Trilogies. I’ve done 1 before, so today I’ll do it again. Because sometimes there is just enough to say without spilling the review into Middle Earth proportions. So, lets talk.
The Professor Layton games are a series that partly got me interested in getting a 3DS (due to the backwards compatibility and because I was way behind in terms of some excellent DS games), and after seeing the anime film “Professor Layton and The Eternal Diva” (need to watch that again before reviewing it) I became very interested in checking them out. I’ve mentioned this as the “first trilogy” and that’s because I’m reviewing the first 3 games that came out; The Curious Village, Pandora’s Box (aka The Diabolical Box) and The Lost Future (aka The Unwound Future).
Professor Layton stars, who else, Professor Hershel Layton. An english archaeology professor who loves drinking tea, solving puzzles and is full of surprises when it comes to skills. He is usually followed around by his self-proclaimed apprentice, a young boy named Luke Triton, who has the ability to communicate with animals. Together, they go from place to place and solve both puzzles and mysteries…and as small and seemingly insignificant as it sounds, that’s what the games are all about. In The Curious Village they try to find an item known as “The Golden Apple”, which is mentioned in the will of the man who basically owns the town (along with roughly 9 other mysteries, including murders). In Pandora’s Box, Layton and Luke go cross-country on a luxury train to solve the mystery of a box that kills anybody who opens it. And lastly, in The Lost Future, Layton and Luke receive a letter from Luke himself…10 years in the future…and they end up travelling to a London that neither of them recognise or even like. I’m choosing not to spoil any of the stories, but to say the least, the mysteries are fantastic! Very creative, well justified and with a fun reveal to it all. Fantastically written these 3 games are!
Along with very well written stories, you have fun and well developed characters, and you can tell that the creators chose to make Professor Layton a role model to young boys by portraying him as a gentleman who places emphasis on his manners and behaviour (It reminded me of a chapter in a book called “Even A Monkey Can Draw Manga”, which emphasised that anything targeted at a younger audience needs to have a balance between what kids want and what their mothers or fathers are happy enough to buy them). Meanwhile Layton’s approach plays off of Luke who is obviously learning to become a gentleman, even when he’s still young and impulsive.
The anime cut scenes look fantastic on the DS, and there is a great humour to them all. Reminding us of the great flexibility that comes with animation. The music in the Professor Layton games is excellent with some tracks often recycled from game to game. To the point that when any of them are heard outside of the experience, you know instantly “This is from Professor Layton”…and just as importantly, the soundtrack is memorable, likeable and full of character (It might even get some people trying to play it on piano, violin or accordion)..In fact, it sounds quite french.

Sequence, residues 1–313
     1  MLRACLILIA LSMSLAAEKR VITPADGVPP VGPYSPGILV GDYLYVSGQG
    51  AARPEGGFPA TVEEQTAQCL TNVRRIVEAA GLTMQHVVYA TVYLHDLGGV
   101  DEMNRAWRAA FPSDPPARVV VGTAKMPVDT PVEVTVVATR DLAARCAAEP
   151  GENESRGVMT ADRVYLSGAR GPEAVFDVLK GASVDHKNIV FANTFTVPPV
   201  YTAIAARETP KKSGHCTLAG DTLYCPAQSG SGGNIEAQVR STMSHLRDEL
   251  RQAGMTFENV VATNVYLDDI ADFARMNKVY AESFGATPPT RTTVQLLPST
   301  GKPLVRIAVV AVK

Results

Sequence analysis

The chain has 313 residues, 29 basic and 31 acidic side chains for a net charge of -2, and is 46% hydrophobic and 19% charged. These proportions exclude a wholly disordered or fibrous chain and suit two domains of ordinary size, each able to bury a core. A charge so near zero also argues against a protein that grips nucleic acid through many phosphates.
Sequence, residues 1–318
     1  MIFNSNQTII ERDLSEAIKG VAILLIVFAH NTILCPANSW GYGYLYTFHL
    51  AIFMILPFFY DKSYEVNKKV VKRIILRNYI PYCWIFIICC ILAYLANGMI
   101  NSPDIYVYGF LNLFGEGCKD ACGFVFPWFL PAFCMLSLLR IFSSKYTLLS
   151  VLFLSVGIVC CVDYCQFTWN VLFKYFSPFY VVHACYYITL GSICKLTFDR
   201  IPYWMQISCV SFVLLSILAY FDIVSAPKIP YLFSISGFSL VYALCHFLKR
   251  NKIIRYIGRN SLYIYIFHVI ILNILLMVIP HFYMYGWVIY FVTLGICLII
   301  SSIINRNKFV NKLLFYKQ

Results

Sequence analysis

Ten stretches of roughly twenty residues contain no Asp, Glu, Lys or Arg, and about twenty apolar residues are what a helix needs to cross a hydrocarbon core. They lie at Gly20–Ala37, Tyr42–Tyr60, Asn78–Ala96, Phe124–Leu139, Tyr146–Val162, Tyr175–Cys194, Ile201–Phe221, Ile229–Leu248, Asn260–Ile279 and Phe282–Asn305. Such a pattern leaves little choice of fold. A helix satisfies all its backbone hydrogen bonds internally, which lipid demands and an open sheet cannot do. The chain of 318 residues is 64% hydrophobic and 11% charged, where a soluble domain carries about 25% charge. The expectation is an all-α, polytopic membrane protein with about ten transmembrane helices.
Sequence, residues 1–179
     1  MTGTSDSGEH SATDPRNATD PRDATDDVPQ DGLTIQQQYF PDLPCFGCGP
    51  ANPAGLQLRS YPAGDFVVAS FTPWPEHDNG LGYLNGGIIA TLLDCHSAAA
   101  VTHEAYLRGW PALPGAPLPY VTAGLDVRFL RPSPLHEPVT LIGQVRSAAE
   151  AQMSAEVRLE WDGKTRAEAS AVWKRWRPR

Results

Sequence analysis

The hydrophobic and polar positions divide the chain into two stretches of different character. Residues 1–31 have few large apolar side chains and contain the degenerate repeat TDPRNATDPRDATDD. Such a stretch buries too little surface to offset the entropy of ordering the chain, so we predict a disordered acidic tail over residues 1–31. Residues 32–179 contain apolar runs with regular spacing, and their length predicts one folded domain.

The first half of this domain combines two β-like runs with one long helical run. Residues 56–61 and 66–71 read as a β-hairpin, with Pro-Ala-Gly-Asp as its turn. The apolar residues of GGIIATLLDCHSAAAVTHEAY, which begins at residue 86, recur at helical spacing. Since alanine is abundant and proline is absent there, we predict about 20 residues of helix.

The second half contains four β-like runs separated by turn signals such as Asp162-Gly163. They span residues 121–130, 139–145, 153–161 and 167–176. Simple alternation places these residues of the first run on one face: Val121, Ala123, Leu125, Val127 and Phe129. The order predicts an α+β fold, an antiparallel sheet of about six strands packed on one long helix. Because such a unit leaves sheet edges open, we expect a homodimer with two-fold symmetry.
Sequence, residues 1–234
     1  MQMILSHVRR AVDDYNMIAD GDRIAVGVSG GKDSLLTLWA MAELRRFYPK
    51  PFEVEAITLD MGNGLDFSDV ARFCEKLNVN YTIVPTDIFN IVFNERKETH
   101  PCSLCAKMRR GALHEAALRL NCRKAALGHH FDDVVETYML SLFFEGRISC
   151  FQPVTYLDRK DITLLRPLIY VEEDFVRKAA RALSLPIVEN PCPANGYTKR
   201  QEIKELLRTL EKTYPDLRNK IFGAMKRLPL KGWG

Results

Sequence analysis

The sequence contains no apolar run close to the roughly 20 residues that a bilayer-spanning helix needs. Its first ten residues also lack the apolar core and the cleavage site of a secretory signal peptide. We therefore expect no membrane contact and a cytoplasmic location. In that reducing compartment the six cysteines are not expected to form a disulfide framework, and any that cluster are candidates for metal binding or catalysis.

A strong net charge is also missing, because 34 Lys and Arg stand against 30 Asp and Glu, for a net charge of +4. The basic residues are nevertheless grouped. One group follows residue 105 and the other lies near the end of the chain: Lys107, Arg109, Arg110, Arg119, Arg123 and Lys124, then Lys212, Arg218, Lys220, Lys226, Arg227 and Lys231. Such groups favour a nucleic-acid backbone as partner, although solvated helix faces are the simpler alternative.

Now onto the aspect that sells the game – the puzzles. With well over 100 puzzles in each game (138 in The Curious Village is the minimum). There are the mandatory puzzles that advance the story, and there are the 2 sets of side puzzles. One set can be found in the pause menu, which includes about 3-4 mini games that can be unlocked as the story progresses (or when you have solved certain puzzles) and after you solve them, you’re treated with (what else) more puzzles and a companion that will sniff out hint coins for you (the gum in Puzzle Agent). The other set of side puzzles are often found either in the background or they’re “problems” that people around the towns are having (Their reasons for providing Layton with puzzles remind me of the thugs who run up to fight Kazuma Kiryu in the Yakuza games. Only here Professor Layton chooses not to beat the snot out of anybody…unless it involves owning someone via solving their puzzle). Some puzzles are simply harder versions of other puzzles or with a different coat of paint. Others require a lot of “thinking outside the box”, which makes some of them particularly interesting. Thankfully though, the puzzles in Professor Layton progress in their difficulty, rather than the Puzzle Agent approach of only having very easy or very hard puzzles. Which game has the hardest puzzles? Possibly The Curious Village.
Would I recommend these games? Absolutely! They’re chock-full of charm and character. Excellent puzzles. A great visual appeal that looks more like a western cartoon rather than a Japanese Anime, but is approached like an anime (as part of Japan’s mentality that even Spongebob Squarepants and Spiderman cartoons are anime, while western mentality is that anything from Japan is anime and non-japanese anime is simply inspired by Japan). The characters are very colourful, the stories are excellent with some very surreal scenarios that are closer to steampunk, sci-fi and horror, and the humour is of a clean, universal nature (even if Pandora’s Box includes a Madam who runs a brothel), and the music is among my favourite things about the games. The endings of each game are very emotional, and justify going through each 1.
THE CURIOUS VILLAGE:
Characters: ****1/4 (***** for main characters)
Characters: ****1/2 (***** for main characters)
THE LOST FUTURE:
Characters: ****3/4 (***** for the main characters)